For example, computing system 400 can also contain communication channels 412 that allow the host to communicate with other systems and devices, for example, via network 420. In this description and in the following claims, a “network” is defined as one or more data links that enable the transport of electronic data between computer systems and/or modules. When information is transferred or provided over a network or another communications connection (either hardwired, wireless, or a combination of hardwired or wireless) to a computer system, the connection is properly viewed as a computer-readable medium. Thus, any such connection is properly termed a computer-readable medium. Combinations of the above should also be included within the scope of computer-readable media.

Communication channels 412 are examples of communications media. Communications media typically embody computer-readable instructions, data structures, program modules, or other data in a modulated data signal such as a carrier wave or other transport mechanism and include any information-delivery media. By way of example, and not limitation, communications media include wired media, such as wired networks and direct-wired connections, and wireless media such as acoustic, radio, infrared, and other wireless media. The term computer-readable media as used herein includes both storage media and communications media.

The computing system 400 may also have input components 414 such as a keyboard, mouse, pen, a voice-input component, a touch-input device, and so forth. Output components 416 include screen displays, speakers, printer, etc., and rendering modules (often called “adapters”) for driving them. The computing system 400 has a power supply 418. All these components are well known in the art and need not be discussed at length here.

While FIG. 4 represents a suitable operating environment for the present invention, the principles of the present invention may be employed in any system that is capable of, with suitable modification if necessary, implementing the principles of the present invention. The environment illustrated in FIG. 4 is illustrative only and by no means represents even a small portion of the wide variety of environments in which the principles of the present invention may be implemented.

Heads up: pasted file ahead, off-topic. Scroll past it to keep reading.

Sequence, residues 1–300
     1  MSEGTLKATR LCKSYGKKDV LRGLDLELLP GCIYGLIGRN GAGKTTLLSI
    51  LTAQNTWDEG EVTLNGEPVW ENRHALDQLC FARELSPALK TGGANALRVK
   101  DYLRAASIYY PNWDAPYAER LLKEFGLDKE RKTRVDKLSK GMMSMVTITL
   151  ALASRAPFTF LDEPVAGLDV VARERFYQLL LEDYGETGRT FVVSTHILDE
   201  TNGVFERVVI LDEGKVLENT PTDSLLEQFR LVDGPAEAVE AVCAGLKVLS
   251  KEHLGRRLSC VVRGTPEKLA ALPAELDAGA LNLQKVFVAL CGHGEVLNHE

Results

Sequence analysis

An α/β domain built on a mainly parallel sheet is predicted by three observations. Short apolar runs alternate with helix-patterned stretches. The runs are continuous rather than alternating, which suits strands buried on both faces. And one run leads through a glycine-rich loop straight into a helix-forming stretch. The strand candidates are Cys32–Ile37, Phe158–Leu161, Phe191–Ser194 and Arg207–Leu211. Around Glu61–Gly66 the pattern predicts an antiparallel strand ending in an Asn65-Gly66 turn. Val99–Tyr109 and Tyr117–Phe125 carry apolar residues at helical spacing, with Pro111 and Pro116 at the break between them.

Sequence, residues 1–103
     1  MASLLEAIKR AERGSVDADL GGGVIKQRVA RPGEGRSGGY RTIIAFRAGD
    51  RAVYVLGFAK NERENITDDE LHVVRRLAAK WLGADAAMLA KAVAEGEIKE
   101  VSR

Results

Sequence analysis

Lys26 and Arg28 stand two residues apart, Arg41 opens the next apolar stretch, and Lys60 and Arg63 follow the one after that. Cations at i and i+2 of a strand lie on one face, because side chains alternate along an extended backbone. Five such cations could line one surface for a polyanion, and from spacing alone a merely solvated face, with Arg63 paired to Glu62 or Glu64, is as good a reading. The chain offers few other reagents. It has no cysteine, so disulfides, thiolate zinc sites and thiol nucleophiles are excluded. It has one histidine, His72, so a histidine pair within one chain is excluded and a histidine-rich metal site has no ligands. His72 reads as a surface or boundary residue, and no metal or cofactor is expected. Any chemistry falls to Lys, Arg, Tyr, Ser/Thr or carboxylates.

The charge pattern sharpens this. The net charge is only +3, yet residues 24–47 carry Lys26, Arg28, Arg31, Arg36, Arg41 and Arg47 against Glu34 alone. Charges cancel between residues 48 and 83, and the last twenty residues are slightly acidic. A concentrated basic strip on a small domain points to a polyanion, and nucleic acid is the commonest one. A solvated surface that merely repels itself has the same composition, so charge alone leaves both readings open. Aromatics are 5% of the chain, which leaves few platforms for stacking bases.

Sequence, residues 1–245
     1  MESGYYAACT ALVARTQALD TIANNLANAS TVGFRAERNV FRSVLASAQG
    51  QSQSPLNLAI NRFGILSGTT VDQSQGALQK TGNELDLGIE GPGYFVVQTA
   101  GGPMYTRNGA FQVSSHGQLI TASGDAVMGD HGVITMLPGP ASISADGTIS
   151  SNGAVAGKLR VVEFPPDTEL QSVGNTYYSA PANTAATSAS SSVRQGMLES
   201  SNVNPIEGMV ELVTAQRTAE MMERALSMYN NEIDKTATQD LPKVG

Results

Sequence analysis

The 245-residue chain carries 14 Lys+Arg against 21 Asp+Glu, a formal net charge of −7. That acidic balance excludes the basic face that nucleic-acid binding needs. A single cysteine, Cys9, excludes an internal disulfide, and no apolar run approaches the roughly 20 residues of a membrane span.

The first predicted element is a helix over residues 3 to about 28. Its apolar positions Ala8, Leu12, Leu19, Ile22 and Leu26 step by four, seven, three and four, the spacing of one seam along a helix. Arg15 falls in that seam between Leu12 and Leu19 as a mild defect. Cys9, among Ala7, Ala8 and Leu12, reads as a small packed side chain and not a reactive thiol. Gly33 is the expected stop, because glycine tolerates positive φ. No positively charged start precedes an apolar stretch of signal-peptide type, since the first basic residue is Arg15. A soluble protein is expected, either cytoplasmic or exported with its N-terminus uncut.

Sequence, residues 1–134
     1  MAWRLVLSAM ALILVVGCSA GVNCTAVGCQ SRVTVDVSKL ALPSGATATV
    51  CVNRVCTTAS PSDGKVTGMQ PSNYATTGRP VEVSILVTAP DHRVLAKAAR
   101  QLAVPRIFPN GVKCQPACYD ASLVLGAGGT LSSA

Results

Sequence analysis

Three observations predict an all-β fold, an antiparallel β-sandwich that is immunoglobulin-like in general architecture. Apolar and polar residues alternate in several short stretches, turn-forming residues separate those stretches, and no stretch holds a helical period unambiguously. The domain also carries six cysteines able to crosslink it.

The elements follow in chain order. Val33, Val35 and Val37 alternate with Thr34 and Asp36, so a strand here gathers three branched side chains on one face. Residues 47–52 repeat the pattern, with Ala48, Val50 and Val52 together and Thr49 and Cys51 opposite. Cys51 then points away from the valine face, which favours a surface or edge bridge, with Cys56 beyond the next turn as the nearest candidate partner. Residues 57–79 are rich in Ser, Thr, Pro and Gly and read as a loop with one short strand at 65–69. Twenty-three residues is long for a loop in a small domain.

In accordance with the present invention, Web browsers, filters, and search engines, as well as associated data, including filtering inputs, cached content, search requests, search results, content requests, and URLs can be stored and accessed from any of the computer-readable media associated with computer system 400. For example, portions of such modules and portions of associated program data may be included in an operating system, application program, program module, and/or program data, for storage in system memory 404.

When a mass storage device, such as, for example, non-removable storage 410, is coupled to computer system 410, such modules and associated program data may also be stored in the mass storage device. In a networked environment, program modules depicted relative to computer system 400, or portions thereof, can be stored in remote memory storage devices, such as, system memory and/or mass storage devices associated with remote computer systems. Execution of such modules may be performed in a distributed environment as previously described.

The present invention may be embodied in other specific forms without departing from its spirit or essential characteristics. The described embodiments are to be considered in all respects only as illustrative and not restrictive. The scope of the invention is, therefore, indicated by the appended claims rather than by the foregoing description. All changes, which come within the meaning and range of equivalency of the claims, are to be embraced within their scope.